I don't have access to the Bing code, but the published versions of the haversine formula are almost certainly in my opinion where Microsoft looked when they were writing this stuff. It's simple enough code and there are a few minor variations and I tried a few of these, but in the end found one which, with a little extra experimentation, just matches exactly their results. You could just swap out their code and swap in my code and it would be impossible for anyone to find any difference.
« Last Edit: May 01, 2020, 07:03:22 PM by robinofloxley »

Offline Nosmo

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Re: Are plane tickets real?
« Reply #202 on: May 01, 2020, 11:35:21 PM »
iamcpc made the point.


in binary x + x does not always equal 2x.


An accurate statement is that in binary
  x + x = 10x
Where for example
  0.01 + 0.01 = 0.1
  0.1 + 0.1 = 1
  1 + 1 = 10
  10 + 10 = 100

It seems iamcpc is under the impression that one tenth plus one tenth in binary does not equal two tenths.
This is incorrect and can be shown
 (1/1010) + (1/1010) = (10/1010)

The problem that iamcpc is highlighting is that when expressing fractional numbers in a decimal fraction style format not all values can be exactly represented.
For the Base 2 number system one tenth is one of these fractions.
The problem here is not that oneX + oneX <> twoX.
It is that X is not exactly equal to one tenth.

This is not a unique problem for Base 2.
Base 10 has the same issue with a range of fractions, 1/3 for example which has been pointed out.

It seems that iamcpc does not understand the use of precision in the real world.
It is also strange that when using computers such an exacting level of precision is being asked for, when one of the instruments that iamcpc has used to verify Bin’s distances is such inaccurate and imprecise device.


I have used a use a rolling measuring tape, GPS, I've driven a route that I've walked along the street and used my Car odometer, I've used wearable fitness trackers, and for a while I wore a pedometer which also tracked distance.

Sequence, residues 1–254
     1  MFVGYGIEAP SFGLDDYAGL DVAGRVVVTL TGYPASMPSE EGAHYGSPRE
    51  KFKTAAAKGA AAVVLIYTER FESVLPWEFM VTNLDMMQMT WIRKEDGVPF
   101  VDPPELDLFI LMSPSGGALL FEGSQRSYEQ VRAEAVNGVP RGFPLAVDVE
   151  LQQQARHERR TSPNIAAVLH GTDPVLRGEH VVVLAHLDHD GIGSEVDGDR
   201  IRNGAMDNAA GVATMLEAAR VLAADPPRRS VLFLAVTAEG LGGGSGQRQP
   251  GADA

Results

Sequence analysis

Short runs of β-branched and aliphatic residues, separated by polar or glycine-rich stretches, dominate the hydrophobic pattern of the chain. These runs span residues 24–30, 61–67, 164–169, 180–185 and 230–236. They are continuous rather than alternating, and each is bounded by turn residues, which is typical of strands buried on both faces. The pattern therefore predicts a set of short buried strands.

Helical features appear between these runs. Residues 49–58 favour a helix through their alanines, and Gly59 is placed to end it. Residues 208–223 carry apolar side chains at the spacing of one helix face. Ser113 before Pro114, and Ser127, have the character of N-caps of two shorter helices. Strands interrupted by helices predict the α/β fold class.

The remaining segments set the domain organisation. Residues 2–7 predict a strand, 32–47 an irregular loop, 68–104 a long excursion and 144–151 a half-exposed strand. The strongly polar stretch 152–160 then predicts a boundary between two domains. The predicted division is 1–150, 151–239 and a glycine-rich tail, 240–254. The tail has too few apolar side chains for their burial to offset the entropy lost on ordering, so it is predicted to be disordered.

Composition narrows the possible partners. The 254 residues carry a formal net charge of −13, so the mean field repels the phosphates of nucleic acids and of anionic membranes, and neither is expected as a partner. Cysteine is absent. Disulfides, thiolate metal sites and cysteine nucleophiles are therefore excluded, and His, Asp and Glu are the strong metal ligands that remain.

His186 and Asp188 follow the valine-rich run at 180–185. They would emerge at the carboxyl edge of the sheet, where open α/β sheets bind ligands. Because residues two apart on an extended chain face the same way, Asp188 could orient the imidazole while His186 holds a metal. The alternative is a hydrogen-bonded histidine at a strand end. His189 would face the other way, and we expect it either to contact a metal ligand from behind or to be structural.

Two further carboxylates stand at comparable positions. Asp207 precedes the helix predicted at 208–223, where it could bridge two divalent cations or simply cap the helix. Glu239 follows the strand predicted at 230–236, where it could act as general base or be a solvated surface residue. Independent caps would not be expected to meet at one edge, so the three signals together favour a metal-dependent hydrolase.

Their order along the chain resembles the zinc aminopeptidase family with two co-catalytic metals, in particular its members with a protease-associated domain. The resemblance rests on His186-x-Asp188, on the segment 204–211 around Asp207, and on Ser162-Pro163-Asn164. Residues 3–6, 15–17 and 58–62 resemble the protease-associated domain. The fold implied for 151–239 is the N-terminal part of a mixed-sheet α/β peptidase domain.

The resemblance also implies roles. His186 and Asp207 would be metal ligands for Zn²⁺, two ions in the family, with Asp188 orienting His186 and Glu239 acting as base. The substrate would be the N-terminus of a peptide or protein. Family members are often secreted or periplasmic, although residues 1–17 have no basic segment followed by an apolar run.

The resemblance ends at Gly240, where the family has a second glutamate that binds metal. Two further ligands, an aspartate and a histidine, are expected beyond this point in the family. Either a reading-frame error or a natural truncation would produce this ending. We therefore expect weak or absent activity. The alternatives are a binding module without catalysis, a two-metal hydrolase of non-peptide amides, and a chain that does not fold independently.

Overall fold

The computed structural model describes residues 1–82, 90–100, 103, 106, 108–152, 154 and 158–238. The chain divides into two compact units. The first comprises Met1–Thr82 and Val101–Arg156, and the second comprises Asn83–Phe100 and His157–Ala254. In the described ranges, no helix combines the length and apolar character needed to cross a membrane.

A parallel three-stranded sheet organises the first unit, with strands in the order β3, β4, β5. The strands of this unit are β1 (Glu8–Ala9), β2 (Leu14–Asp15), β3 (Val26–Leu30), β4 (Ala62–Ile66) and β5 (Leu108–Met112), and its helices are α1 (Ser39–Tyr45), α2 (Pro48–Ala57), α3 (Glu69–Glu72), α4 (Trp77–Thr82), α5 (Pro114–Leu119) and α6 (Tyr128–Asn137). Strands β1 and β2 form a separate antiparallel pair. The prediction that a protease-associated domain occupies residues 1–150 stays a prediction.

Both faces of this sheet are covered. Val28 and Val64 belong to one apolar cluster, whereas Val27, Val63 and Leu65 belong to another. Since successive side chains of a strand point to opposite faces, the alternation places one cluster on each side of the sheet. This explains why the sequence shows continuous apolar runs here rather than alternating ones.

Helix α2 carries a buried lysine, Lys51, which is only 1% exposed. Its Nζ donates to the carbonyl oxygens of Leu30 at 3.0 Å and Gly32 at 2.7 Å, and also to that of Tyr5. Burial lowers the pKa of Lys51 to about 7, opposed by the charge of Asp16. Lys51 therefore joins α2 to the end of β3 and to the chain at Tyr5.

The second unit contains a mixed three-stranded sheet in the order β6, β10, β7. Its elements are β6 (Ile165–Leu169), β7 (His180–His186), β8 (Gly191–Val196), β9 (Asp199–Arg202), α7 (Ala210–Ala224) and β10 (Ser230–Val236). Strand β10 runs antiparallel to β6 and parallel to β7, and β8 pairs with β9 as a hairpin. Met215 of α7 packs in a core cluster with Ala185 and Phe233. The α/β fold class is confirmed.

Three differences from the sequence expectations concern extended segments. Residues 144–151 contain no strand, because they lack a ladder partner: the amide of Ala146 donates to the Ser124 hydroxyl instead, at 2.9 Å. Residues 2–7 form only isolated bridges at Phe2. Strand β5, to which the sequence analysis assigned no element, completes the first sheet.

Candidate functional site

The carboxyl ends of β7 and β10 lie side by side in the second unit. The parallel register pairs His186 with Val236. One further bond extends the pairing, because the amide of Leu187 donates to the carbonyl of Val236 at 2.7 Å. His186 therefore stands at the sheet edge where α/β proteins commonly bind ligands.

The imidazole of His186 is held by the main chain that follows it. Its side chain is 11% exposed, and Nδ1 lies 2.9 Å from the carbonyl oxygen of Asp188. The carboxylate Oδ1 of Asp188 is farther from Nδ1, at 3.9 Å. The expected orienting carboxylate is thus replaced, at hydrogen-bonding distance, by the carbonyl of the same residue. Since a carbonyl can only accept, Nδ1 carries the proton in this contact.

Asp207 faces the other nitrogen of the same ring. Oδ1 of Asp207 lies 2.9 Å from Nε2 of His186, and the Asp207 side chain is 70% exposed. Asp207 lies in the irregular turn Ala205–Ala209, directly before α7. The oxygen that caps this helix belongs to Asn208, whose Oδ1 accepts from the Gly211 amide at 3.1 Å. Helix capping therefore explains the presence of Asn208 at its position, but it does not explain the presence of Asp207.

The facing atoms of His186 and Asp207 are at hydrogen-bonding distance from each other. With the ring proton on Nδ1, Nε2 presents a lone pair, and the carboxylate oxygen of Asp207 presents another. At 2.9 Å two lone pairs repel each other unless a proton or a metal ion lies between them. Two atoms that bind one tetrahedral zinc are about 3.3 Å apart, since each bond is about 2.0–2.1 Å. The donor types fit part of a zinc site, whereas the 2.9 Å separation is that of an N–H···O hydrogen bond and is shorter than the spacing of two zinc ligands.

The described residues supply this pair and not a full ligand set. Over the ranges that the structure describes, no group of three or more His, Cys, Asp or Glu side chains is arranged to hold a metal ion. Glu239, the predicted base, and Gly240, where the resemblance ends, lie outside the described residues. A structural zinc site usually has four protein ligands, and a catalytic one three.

A Car odometer, a device that measures to the one tenth of a kilometre, (one tenth of a mile in the UK or USA), so not very precise. They also generally measure distance based on the rotation of a wheel, whose diameter and circumference vary over time (as tyres wear), so also not exactly accurate.
This seems to be quite a different standard to the one Robinofloxley is being held too.

I must say Robin that I have enjoyed your explanation and work in this thread, it is an example of the unexpected educational threads that pop up from time to time.

Re: Are plane tickets real?
« Reply #203 on: May 02, 2020, 09:23:26 AM »
A Car odometer, a device that measures to the one tenth of a kilometre, (one tenth of a mile in the UK or USA), so not very precise. They also generally measure distance based on the rotation of a wheel, whose diameter and circumference vary over time (as tyres wear), so also not exactly accurate.
This seems to be quite a different standard to the one Robinofloxley is being held too.

I must say Robin that I have enjoyed your explanation and work in this thread, it is an example of the unexpected educational threads that pop up from time to time.

Thank you for saying that, I'm glad you've enjoyed it. I've learned quite a lot myself putting it all together and have enjoyed doing it.

I do think iamcpc has a somewhat varied standard when it comes to evaluating evidence. He believes Bing distances are based on measured distances in the real world and take into account elevation. No evidence has ever been given for this belief, so unless he's holding something back, that's a strong belief based on zero evidence, however when it comes to this whole haversine business, there's a mountain of evidence now and he's still a very long way from being convinced.

Offline iamcpc

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Re: Are plane tickets real?
« Reply #204 on: May 04, 2020, 05:44:40 PM »